Allen Shoup (1943-2022) played a leading role in developing Washington’s wine industry as the longtime head of the state’s biggest winery, Chateau Ste. Michelle, and later as the owner of his own acclaimed winery, Walla Walla’s Long Shadows Vintners. Shoup came to Ste. Michelle in 1980 after working for Ernest and Julio Gallo in California. He immediately realized that in order for Chateau Ste. Michelle to thrive, the entire Washington wine industry needed to thrive. He worked with others to achieve the designation of Washington’s primary wine-growing region as the Columbia Valley American Viticultural Area (AVA) in 1984. He tirelessly promoted not just his own company’s products, but wines from his Washington competitors, because, as he later said, California was their real rival. He retired from Chateau Ste. Michelle in 2000 and launched his own high-end winery, Long Shadows Vintners, in 2002.
Allen Shoup was born on August 31, 1943, in Utica, Michigan, and was raised in Farmington Hills, a suburb of Detroit. He received a degree in business administration from the University of Michigan, and later earned a master’s degree in psychology from Eastern Michigan University. Wine played virtually no part in the Shoup family during his upbringing. "The closest thing I knew about wine was, I had gotten drunk one time on Mogen David," said Shoup, with a laugh (Kershner interview).
He was aiming at a career in business. He worked full-time for Chrysler in Detroit while finishing his master’s degree, and then was drafted into the Army during the height of the Vietnam War. He served two years, mostly in the Pentagon, where he was posted for his psychology background. He was involved in many projects, including psychological research on how to convince trained personnel to stay in Vietnam for longer than their one required tour of duty. "People who stayed had a much higher survival rate," Shoup said (Kershner interview). However, that was a hard sell during the depths of the war in 1968 and 1969. "It was just such a messy, sordid war," said Shoup. "I was very anti-war all the while I was there, but what could you do? A lot of people were – a lot of military people were" (Kershner interview).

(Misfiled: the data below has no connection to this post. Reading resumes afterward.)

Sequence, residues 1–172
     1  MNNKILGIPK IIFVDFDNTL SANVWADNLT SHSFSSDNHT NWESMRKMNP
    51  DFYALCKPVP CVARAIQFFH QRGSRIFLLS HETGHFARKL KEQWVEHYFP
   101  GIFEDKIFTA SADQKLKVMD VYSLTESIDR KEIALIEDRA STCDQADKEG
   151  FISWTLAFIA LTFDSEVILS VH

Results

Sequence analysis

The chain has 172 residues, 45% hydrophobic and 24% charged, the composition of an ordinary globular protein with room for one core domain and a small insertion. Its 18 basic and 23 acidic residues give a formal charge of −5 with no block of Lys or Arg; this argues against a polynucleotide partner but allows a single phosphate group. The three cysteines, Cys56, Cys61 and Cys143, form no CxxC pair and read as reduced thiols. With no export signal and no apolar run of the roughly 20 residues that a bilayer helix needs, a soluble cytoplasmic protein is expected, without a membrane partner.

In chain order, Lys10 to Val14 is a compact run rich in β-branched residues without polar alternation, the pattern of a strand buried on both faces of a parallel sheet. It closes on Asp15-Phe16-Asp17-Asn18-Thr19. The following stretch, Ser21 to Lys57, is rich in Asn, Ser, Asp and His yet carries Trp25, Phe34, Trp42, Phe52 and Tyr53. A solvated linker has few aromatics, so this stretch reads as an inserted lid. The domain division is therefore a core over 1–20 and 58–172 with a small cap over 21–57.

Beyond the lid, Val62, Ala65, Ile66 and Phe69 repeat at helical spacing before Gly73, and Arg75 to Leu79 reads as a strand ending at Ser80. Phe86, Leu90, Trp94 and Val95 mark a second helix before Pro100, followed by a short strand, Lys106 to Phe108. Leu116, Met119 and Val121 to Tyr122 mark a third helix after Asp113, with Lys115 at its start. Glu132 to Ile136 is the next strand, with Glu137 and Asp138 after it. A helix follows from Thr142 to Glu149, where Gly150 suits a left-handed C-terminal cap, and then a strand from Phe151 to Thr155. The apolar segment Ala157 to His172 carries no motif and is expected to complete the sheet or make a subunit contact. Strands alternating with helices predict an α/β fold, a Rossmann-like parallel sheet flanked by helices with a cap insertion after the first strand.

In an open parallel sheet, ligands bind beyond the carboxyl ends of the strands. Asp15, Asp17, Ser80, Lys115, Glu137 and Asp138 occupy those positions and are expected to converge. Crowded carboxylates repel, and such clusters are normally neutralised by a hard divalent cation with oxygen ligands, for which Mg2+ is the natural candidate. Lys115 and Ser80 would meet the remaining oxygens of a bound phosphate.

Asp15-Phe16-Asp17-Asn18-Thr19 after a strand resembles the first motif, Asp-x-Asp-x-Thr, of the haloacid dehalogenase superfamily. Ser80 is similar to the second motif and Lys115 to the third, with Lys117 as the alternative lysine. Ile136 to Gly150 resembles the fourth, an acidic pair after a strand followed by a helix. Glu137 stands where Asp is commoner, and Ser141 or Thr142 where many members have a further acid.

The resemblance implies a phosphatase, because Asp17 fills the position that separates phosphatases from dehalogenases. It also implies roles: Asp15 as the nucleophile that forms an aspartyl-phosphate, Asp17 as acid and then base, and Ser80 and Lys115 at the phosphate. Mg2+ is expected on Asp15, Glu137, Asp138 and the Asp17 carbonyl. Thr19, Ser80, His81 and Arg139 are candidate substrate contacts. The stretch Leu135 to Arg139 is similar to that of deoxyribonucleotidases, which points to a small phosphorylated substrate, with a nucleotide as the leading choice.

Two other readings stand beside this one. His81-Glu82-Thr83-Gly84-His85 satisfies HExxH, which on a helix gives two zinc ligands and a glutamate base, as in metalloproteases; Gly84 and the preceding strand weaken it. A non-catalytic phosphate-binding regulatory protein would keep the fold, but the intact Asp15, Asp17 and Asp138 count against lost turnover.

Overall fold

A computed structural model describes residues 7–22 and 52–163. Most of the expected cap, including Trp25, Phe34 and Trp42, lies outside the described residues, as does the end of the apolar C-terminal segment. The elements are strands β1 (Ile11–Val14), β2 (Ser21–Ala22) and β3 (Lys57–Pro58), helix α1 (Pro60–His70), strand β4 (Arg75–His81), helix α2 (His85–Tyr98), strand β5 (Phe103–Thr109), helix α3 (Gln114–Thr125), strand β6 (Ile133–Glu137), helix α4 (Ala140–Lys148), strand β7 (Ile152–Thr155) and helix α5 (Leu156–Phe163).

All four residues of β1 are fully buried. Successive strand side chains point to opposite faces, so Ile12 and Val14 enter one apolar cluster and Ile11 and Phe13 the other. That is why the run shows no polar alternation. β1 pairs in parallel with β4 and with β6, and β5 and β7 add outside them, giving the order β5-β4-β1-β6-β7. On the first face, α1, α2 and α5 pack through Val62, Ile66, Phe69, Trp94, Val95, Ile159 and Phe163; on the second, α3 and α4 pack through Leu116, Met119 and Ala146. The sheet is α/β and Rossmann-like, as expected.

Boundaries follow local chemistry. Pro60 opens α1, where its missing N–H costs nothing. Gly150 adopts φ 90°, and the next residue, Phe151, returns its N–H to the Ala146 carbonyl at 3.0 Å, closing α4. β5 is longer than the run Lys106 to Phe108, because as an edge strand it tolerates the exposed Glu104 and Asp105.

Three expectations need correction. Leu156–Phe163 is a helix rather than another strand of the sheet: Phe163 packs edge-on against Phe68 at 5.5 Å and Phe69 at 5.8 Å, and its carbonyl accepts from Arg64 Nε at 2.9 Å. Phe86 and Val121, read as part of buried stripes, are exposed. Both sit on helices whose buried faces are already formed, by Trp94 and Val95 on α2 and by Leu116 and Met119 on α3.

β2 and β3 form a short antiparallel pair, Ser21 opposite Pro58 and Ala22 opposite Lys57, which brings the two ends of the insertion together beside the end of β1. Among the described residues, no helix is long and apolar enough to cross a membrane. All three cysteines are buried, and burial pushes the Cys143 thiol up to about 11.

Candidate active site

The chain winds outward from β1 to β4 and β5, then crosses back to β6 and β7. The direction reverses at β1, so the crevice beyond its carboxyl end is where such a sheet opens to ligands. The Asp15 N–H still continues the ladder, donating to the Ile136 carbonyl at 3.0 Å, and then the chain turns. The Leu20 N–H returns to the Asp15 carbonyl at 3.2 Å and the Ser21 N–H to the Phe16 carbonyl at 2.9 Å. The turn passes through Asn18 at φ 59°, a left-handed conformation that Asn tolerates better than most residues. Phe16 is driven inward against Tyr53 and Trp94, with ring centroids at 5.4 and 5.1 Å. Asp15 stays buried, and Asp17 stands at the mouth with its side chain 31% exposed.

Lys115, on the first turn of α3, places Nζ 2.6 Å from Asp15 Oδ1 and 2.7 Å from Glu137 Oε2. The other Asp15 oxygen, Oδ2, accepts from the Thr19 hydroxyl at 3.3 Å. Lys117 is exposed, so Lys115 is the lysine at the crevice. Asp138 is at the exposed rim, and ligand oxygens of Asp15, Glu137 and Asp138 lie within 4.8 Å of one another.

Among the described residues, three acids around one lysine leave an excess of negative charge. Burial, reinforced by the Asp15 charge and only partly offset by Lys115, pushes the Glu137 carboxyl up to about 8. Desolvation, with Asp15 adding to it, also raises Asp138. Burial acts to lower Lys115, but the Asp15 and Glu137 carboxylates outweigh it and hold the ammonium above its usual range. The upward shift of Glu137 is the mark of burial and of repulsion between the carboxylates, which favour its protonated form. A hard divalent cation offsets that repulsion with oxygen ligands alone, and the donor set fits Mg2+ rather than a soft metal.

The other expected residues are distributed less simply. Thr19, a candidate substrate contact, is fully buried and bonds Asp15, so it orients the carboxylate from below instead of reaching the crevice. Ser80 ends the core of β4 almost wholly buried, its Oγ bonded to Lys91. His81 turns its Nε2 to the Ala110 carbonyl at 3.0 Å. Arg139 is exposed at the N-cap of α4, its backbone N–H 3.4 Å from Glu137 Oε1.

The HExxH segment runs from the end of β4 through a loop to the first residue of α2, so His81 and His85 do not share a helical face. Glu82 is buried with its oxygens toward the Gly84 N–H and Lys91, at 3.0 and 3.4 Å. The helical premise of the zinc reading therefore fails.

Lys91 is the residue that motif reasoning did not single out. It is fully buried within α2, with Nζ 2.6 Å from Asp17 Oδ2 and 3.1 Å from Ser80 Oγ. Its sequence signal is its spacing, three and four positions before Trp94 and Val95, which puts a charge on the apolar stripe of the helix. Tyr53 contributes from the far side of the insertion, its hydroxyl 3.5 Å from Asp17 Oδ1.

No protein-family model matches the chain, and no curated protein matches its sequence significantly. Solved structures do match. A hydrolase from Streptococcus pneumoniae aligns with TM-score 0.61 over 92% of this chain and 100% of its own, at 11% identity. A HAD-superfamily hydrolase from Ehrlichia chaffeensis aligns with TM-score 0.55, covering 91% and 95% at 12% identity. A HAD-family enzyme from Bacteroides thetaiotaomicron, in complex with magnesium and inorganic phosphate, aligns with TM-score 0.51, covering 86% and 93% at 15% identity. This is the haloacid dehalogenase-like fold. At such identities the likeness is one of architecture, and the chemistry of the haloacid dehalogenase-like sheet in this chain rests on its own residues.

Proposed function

When he got out of the Army in 1969, he went to work almost immediately for Amway, the direct-sale health, beauty, and home-care company based in Grand Rapids, Michigan. It was a good career move – Amway was growing. He became a product developer and developed a number of their personal-care products and fragrances.
Into the Wine Business
After about five years, a corporate head-hunter came calling from an unlikely place: Modesto, California, the headquarters of Ernest and Julio Gallo, the biggest winery in the world and the best-known wine label in the U.S. Gallo needed Shoup’s marketing talent and Shoup jumped at the chance. His title was group product manager, and he later became one of the company’s marketing directors.
The American wine industry was still small in 1975, but E&J Gallo was a behemoth. Half the wine sold in the U.S. was Gallo wine. Their big sellers were cheap mass-produced jugs of Hearty Burgundy, but they were starting to produce fine varietals for what was still a niche market. Shoup stayed with Gallo for about three years and learned not just about wine marketing, but about the mysterious allure of wine itself. "I always would say the reason that [wine] certainly isn't a fad is because, what fine wine does is unique," said Shoup. "It's like discovering art or opera or symphony or something. You don't give it up, because it's life changing. Fine wine has this unique ability to improve the food, and the food has the unique ability to improve the wine. And once people learn these connections, they don't go back and stop drinking wine" (Kershner interview).